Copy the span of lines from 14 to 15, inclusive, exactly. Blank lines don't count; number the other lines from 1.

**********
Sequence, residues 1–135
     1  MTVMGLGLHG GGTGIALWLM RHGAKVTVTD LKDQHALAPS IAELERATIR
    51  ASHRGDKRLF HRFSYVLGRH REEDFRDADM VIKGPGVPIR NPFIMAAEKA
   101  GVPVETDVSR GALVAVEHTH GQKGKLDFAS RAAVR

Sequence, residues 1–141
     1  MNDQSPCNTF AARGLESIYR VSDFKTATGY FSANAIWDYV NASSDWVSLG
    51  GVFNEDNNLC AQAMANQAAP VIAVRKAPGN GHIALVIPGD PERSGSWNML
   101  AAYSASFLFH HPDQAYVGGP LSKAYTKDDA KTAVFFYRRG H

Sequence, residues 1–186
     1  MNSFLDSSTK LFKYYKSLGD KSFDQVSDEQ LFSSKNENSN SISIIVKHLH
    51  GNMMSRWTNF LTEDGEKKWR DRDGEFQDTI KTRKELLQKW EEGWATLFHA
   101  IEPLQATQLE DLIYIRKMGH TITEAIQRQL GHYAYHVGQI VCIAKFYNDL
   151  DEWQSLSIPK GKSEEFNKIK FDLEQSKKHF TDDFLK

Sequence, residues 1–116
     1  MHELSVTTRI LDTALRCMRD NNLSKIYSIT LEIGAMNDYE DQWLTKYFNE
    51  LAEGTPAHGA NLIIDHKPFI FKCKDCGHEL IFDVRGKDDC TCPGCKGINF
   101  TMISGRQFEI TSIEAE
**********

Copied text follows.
Sequence, residues 1–116
     1  MHELSVTTRI LDTALRCMRD NNLSKIYSIT LEIGAMNDYE DQWLTKYFNE